• Blood clots (thrombosis) can occur anywhere in the body. In the brain, it is called a stroke; in the heart, it is called a heart attack (or myocardial infarction). Deep vein thrombosis (DVT) commonly refers to blood clots in the arms or legs.

Some blood disorders live in a space between benign and malignant (cancerous)—sometimes referred to as premalignant—and may evolve into cancer. Leukemia is generally not included in the broader term of blood disorders as it is a cancer of the blood/bone marrow.


Symptoms of blood disorders vary widely depending on which blood component is affected. Some blood disorders cause few symptoms, while others are responsible for more.

For example:

  • Anemia (low red blood cells) can cause fatigue, shortness of breath, or increased heart rate.
  • Thrombocytopenia (low platelets) can cause increased bruising or bleeding from the mouth or nose.
  • Hemophilia (poor clotting) can also cause increased bleeding but is known to specifically target muscles and joints without significant injury.
  • Blood clots (inappropriate clotting) in the arms or legs may cause swelling and pain.


Blood disorders are predominantly seen by hematologists—physicians who specialize in the diagnosis and treatment of problems in your blood and/or bone marrow.

Your physician will examine you and your symptoms to determine the most likely diagnosis. Most of the time blood work is needed. Sometimes blood disorders are found on lab work drawn for other reasons like an annual physical exam.

The most commonly used test to diagnose blood disorders is the complete blood count (CBC). The CBC looks at the three types of blood cells and determines if any are increased or decreased or if more than one blood cell is affected. A blood smear may also be included with the CBC, with a microscopic examination to provide additional helpful information.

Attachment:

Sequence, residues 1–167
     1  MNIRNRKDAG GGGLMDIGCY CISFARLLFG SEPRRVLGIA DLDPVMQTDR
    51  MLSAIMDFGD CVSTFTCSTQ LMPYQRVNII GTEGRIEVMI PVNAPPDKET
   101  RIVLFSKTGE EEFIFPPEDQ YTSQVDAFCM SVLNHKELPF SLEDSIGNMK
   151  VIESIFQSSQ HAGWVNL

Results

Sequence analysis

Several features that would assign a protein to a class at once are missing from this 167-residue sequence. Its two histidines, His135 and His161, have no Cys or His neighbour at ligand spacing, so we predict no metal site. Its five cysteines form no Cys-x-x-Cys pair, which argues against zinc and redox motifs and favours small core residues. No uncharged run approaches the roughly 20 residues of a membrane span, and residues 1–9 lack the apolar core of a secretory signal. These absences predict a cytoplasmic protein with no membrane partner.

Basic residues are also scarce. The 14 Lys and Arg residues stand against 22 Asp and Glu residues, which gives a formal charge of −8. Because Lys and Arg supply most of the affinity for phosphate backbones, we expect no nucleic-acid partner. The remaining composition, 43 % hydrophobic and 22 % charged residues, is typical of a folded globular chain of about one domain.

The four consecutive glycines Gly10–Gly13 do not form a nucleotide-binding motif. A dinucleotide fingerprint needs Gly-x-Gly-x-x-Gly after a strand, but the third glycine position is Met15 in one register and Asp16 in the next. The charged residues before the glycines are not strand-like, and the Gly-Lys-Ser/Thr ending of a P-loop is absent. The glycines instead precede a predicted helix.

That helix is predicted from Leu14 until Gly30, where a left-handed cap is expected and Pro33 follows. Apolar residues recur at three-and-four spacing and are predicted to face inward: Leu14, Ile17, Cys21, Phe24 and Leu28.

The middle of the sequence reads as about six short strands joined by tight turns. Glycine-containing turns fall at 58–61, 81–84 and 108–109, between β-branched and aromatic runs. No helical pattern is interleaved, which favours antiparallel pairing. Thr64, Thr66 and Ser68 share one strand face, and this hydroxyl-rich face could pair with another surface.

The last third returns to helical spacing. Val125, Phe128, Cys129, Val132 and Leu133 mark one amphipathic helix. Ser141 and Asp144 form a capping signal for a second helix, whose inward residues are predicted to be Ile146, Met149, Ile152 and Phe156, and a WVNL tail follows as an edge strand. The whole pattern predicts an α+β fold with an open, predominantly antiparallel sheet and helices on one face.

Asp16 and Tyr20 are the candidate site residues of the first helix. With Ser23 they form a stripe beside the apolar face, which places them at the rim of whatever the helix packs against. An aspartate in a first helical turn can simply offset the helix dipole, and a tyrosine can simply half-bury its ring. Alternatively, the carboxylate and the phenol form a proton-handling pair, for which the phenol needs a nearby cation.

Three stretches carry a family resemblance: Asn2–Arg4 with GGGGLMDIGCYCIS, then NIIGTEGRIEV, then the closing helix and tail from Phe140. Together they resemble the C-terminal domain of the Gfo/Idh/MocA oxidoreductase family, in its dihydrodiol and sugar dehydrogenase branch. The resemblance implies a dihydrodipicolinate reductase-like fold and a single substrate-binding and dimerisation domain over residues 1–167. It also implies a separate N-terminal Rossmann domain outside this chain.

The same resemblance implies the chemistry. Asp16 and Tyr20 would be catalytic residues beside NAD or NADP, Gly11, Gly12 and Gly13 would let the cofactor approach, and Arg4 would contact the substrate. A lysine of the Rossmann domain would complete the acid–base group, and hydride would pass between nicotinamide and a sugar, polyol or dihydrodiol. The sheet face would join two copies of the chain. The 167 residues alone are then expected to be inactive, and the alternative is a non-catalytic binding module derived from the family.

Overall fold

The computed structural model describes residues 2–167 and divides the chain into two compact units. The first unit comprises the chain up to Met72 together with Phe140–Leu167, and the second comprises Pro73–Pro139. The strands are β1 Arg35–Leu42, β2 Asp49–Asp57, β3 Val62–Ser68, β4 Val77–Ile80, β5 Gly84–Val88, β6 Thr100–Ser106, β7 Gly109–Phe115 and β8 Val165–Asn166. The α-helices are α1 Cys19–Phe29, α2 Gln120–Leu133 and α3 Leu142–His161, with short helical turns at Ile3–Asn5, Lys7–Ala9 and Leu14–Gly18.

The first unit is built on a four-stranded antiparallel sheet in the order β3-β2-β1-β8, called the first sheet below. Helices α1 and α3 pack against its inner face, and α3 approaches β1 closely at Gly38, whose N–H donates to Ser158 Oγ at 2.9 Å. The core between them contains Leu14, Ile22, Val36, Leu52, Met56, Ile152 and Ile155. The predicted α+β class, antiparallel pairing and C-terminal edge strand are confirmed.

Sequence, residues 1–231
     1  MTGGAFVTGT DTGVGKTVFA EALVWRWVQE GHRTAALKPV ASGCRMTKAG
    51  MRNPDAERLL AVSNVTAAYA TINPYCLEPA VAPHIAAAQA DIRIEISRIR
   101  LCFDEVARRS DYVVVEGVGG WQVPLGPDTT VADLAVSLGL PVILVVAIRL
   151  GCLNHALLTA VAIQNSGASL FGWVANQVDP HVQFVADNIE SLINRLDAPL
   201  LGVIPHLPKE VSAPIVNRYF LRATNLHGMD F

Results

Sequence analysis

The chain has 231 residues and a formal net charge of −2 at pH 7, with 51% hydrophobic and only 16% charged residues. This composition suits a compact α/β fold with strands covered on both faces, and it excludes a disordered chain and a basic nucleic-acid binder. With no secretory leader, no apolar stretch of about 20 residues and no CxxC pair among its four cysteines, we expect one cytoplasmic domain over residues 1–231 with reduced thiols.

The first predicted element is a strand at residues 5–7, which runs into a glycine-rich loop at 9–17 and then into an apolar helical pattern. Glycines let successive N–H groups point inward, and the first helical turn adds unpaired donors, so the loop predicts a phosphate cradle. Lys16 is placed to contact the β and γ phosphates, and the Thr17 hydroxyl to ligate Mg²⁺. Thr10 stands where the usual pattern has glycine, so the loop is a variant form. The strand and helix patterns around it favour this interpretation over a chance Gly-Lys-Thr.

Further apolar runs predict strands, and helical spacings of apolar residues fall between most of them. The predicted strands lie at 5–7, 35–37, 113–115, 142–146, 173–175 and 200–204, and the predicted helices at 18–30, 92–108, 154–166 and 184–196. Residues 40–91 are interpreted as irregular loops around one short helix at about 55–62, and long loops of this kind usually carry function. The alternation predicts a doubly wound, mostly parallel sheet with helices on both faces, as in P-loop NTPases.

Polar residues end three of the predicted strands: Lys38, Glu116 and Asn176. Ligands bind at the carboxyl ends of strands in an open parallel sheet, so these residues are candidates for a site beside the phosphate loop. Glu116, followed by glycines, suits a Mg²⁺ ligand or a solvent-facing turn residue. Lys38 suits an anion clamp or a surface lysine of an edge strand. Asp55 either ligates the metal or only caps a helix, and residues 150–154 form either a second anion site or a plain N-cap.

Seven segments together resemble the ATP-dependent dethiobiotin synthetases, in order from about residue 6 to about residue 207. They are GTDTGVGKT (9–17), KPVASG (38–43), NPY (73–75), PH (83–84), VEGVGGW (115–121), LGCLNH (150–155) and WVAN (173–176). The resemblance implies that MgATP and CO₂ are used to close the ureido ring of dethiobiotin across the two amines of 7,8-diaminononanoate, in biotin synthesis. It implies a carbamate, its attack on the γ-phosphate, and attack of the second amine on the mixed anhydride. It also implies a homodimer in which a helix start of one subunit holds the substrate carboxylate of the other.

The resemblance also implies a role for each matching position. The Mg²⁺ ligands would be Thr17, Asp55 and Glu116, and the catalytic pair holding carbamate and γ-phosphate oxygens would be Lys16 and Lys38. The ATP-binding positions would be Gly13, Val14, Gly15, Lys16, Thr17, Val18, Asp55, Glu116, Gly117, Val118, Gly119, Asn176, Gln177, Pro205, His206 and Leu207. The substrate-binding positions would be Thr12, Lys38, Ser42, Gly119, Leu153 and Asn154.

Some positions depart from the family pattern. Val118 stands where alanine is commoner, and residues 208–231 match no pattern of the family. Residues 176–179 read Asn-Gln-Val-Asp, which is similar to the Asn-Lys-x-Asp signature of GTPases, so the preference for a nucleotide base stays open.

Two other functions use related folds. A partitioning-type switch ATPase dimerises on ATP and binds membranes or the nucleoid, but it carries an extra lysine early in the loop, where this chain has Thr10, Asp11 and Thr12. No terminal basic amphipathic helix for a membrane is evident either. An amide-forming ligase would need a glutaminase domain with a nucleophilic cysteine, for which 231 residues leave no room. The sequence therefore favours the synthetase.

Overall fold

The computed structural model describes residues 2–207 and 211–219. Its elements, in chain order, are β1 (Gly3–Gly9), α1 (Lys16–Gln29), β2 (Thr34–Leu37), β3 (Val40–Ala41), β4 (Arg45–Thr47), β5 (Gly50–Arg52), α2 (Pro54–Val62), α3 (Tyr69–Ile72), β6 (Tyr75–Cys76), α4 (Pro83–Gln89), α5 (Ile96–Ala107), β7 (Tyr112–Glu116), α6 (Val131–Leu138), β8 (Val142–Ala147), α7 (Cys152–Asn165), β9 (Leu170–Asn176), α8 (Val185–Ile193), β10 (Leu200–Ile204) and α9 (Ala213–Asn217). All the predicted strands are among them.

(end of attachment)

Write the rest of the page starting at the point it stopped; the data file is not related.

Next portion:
For bleeding or clotting problems, your physician will likely order coagulation blood tests, which include the prothrombin time (PT) and the partial thromboplastin time (PTT). If the PT or PTT is prolonged (indicating that you are more likely to bleed than other people), further evaluation is needed. Your physician may order levels of individual coagulation factors or assess the function of your platelets.

Blood clots are a little different. To diagnose them, your physician will need to image the concerning area. In the arms or legs, an ultrasound is used to assess for possible clots. In the lungs or brain, computerized tomography (CT) or magnetic resonance imaging (MRI) scans are commonly used.

A bone marrow biopsy may be needed in some cases to help make a diagnosis. This is usually done by aspirating marrow from the hip.


Treatment is determined by your specific diagnosis. Some chronic blood disorders have no specific treatment but may require treatment during acute events. For example:

  • Anemia caused by iron deficiency will be treated with iron supplementation. Beta thalassemia major, an inherited form of anemia, is treated with monthly blood transfusions.